The legislation has followed a long and twisting path. The House first passed a version of it in July 2009 on a strong bipartisan vote, but progress in the Senate was much slower. The upper chamber finally passed its bill on Nov 30 by a 73-25 margin, only to learn the next day that the measure violated a constitutional rule that all revenue measures must originate in the House. The bill authorized the FDA to charge fees in connection with food recalls and registration fees for food importers.
This snag triggered negotiations between House and Senate leaders, with the result that House leaders took the Senate bill, made minor changes to resolve the constitutional problem, and attached it to a continuing resolution to fund government operations through September 2011. The resolution, with the food safety legislation in tow, passed the House Dec 8 on a 212-206 vote.
Senate Democrats then tried to attach the revised legislation to their version of the continuing resolution to keep the government funded. But the spending bill drew heavy criticism because it included numerous "earmarks" for local projects, and Republicans united in opposition to it. As a result, Senate leaders gave up on the measure on Dec 16, leaving the fate of the food safety bill highly uncertain.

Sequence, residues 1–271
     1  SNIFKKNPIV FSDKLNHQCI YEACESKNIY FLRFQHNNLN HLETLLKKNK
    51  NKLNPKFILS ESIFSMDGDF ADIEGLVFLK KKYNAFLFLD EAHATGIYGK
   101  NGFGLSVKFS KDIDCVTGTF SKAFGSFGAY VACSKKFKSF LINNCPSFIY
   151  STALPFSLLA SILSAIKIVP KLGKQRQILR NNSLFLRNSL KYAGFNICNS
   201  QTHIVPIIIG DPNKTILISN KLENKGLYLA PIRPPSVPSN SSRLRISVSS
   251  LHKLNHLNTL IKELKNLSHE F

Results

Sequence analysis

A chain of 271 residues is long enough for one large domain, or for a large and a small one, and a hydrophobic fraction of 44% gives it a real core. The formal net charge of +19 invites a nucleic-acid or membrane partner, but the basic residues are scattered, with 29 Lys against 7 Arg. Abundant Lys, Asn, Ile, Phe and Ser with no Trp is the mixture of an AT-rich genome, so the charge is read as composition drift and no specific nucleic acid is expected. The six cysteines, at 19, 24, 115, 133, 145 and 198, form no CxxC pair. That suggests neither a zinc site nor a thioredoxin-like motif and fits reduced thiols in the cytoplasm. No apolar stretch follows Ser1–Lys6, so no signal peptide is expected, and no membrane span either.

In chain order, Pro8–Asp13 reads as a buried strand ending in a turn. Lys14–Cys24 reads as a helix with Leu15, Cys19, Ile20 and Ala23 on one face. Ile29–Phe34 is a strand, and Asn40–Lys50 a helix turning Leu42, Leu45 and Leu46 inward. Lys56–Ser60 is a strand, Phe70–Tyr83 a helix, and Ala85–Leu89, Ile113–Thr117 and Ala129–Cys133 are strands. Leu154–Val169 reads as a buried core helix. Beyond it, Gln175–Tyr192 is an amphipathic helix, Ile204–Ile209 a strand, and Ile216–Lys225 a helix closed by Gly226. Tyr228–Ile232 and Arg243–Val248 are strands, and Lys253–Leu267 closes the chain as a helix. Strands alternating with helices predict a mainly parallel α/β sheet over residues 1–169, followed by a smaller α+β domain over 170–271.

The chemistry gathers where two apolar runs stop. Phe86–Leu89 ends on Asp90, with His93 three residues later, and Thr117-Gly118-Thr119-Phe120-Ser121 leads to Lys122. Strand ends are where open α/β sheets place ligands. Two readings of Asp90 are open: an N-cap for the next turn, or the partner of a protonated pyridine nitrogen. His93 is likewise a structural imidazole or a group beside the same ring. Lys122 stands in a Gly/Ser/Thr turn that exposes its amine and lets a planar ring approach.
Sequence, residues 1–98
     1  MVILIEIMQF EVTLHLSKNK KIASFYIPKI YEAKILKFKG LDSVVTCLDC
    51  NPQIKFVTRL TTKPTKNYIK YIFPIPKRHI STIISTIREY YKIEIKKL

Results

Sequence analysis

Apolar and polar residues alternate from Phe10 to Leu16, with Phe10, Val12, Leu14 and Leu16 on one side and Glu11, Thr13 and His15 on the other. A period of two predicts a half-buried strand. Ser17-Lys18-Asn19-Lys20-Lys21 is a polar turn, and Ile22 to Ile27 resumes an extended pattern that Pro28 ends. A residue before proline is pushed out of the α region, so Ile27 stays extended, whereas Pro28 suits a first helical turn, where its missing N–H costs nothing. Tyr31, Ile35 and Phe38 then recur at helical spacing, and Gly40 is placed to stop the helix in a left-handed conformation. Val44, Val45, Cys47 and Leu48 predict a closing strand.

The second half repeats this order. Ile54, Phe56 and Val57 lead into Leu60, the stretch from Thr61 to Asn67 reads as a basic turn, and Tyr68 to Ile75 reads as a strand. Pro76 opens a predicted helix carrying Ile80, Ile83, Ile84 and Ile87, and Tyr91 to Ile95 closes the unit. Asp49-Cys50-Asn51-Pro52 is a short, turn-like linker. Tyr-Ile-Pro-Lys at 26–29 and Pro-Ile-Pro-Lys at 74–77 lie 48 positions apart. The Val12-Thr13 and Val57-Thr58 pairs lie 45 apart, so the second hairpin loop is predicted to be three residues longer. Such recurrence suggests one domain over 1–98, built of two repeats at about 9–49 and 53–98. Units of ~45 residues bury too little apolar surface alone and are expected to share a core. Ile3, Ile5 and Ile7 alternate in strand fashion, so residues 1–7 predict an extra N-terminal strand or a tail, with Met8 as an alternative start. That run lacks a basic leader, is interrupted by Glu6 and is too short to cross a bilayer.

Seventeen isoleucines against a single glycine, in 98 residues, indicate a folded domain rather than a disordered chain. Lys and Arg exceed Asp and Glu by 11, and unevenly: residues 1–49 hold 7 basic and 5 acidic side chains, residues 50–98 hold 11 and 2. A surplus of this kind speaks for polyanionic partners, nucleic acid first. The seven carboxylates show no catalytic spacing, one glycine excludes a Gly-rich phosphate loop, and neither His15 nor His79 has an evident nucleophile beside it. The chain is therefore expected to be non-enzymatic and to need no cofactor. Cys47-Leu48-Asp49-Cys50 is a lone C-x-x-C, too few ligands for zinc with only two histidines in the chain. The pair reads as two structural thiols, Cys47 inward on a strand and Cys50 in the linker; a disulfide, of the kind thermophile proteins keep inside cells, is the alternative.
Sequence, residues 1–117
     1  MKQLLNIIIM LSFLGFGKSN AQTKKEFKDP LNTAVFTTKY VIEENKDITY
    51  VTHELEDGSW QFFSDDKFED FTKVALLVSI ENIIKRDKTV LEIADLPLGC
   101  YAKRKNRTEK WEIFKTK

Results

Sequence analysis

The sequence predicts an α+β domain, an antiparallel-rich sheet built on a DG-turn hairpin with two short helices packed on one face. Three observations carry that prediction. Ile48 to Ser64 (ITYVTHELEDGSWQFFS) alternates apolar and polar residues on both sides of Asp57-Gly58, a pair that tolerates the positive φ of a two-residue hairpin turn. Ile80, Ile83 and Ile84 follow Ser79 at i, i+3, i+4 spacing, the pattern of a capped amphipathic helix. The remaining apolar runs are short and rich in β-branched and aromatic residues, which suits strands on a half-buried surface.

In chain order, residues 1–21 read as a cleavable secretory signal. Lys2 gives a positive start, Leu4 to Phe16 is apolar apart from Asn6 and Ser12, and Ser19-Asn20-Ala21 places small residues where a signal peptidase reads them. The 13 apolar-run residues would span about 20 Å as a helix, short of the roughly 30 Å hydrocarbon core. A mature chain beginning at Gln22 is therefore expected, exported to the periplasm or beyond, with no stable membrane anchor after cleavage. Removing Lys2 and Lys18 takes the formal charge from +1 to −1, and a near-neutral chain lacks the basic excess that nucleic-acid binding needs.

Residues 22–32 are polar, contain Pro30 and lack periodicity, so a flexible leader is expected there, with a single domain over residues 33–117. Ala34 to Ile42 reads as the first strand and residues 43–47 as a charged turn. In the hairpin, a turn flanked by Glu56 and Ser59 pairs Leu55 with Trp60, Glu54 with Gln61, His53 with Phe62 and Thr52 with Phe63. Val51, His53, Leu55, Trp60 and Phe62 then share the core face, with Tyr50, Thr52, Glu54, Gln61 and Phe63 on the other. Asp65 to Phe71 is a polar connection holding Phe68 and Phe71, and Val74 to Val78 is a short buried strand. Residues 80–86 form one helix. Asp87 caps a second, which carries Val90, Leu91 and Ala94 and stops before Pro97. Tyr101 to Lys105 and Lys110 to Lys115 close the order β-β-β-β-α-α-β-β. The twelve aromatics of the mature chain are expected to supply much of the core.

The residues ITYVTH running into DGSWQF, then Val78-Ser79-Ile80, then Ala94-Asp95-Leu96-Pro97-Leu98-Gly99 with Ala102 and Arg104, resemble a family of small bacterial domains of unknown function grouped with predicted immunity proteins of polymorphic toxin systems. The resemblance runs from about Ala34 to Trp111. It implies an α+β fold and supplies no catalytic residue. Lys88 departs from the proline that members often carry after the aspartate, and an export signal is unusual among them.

The Post said the deal that ended the filibuster threat followed "a weekend of negotiations, tense strategy sessions, and several premature predictions about the bill's demise."
Gleischman said the bill the Senate passed yesterday is identical to the one the House included in its continuing resolution, with the changes to fix the constitutional problem.
A coalition of groups supporting the bill sent a letter to Reid and McConnell yesterday urging them to pass it, according to the Capitol Hill newspaper The Hill. The groups included the CFA, the American Public Health Association, Consumers Union, and the Center for Science in the Public Interest (CSPI).